Some People Say Some of Us Don’t Count*

One of the things crime fiction shows us is what (and whom) society values. If you read enough crime fiction, you see that some deaths get a lot of attention, and a lot of resources are devoted to their investigations. Other deaths, on the other hand, don’t get as much attention or resources, and may go unsolved for that reason. It may not be something to be proud of, because in an ideal world, every murder would be investigated thoroughly. But in real life, and in crime fiction, that’s just not what happens.

We see that fact play out starkly in P.D. James’ A Taste For Death. In it, Crown Minister Paul Berowne is found murdered in a church. Since his death is likely to attract a lot of media attention, a special team is put in the case: Commander Adam Dalgliesh, Detective Chief Inspector (DCI) John Massingham, and Detective Inspector (DI) Kate Miskin. It’s hoped that they’ll be able to solve the case quickly and with a minimum of media hype. Before long, they’ve begun to gather evidence and determine who had a motive for murder. It’s a complex case, but the team does get to the truth. What a lot of the public don’t know is that a tramp named Harry Mack is also found at the church, also murdered. There’s not a lot of attention given to his death; and, although the team does find out who the killer is, we see in the novel that Mack’s death doesn’t get nearly the attention that Berowne’s does.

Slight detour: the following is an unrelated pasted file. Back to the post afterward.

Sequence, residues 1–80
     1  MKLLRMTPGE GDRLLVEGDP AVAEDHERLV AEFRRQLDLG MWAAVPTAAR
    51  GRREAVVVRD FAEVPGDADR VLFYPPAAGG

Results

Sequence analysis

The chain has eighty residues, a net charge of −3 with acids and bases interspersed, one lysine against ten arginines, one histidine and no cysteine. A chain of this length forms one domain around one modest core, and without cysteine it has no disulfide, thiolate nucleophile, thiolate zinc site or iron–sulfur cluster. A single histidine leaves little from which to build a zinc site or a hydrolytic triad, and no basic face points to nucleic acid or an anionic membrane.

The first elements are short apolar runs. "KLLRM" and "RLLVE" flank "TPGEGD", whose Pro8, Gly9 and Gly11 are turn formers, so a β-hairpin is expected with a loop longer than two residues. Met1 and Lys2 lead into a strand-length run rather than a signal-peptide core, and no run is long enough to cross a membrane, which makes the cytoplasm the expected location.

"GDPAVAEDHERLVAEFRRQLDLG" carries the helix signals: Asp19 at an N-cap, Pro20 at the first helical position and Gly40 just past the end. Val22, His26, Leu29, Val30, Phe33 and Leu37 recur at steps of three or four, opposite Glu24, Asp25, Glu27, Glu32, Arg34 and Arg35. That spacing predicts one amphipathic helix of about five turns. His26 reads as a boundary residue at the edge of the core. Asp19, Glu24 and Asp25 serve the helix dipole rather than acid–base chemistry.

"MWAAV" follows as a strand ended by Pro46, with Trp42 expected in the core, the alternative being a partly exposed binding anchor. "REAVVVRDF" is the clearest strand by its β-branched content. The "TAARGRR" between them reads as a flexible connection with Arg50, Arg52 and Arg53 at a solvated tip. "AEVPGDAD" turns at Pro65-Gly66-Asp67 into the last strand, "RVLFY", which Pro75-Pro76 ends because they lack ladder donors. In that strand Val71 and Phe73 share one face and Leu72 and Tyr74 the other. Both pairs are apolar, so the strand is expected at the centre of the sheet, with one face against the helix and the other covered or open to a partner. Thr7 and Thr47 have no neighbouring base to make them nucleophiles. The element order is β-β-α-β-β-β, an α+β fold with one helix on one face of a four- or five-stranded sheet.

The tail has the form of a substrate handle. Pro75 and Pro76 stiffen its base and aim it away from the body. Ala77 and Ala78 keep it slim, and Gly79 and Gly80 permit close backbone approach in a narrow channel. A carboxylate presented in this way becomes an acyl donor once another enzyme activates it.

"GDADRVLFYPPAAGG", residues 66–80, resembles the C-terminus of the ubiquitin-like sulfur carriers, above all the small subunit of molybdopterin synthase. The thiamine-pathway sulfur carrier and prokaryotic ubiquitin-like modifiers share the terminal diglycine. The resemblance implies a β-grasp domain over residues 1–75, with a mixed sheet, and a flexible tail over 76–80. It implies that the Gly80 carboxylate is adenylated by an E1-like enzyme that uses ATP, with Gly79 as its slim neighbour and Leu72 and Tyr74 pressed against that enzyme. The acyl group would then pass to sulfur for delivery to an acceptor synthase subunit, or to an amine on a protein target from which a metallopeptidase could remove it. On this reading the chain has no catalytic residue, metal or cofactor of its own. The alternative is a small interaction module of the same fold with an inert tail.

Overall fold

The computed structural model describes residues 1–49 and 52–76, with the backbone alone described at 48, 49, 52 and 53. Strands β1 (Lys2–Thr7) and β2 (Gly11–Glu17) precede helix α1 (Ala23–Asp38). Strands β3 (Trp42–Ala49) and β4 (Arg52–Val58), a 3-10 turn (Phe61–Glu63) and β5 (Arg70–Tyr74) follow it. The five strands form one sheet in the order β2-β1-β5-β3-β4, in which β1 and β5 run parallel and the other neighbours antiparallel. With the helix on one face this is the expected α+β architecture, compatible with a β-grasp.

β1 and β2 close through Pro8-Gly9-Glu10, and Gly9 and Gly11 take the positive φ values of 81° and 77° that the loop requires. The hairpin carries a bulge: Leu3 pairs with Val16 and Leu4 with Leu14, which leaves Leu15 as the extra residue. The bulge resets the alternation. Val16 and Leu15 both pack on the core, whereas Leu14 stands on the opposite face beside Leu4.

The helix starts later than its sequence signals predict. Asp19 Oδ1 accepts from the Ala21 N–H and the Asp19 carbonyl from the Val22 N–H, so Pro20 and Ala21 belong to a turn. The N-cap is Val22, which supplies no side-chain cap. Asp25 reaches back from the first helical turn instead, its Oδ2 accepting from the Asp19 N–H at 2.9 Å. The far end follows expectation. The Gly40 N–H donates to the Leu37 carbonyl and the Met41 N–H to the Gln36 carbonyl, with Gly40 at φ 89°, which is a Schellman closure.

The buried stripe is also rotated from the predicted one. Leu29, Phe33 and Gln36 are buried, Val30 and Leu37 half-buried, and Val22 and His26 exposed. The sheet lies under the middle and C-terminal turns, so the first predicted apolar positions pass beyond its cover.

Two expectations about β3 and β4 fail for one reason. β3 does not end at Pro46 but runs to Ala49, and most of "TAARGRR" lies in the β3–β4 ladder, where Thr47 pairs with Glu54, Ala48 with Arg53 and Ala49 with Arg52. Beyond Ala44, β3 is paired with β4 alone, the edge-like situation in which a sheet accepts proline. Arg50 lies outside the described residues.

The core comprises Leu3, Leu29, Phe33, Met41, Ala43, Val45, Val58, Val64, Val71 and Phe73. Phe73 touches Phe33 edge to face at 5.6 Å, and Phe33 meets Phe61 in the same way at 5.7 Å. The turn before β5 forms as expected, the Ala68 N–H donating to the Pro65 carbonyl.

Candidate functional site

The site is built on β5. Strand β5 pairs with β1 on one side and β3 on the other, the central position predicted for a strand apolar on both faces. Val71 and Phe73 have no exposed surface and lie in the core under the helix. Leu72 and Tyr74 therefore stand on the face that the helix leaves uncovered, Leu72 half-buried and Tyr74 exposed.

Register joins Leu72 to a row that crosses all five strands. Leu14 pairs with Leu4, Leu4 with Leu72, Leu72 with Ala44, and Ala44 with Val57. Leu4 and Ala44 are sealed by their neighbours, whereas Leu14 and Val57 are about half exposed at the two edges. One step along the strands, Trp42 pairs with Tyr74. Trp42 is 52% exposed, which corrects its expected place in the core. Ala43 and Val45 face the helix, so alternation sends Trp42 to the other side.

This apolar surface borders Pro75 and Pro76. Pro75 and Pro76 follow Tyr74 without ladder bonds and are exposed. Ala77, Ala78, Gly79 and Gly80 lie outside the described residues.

Michael Connelly’s Harry Bosch has a personal rule: Everybody counts or nobody counts. His view is that every murder deserves the same dedicated investigation. He lives out his creed in more than one book, including The Last Coyote. When he is temporarily suspended for a dangerous, angry outburst, Bosch is assigned to psychological counseling. He goes through with it, but he’s also feeling the lack of purposeful work. So, he uses the time to look into the murder of a prostitute, Marjorie Lowe. She was killed years earlier, but there’s never been a serious investigation into her death. So, Bosch takes the case up. It’s got special meaning for him because the dead woman was his mother…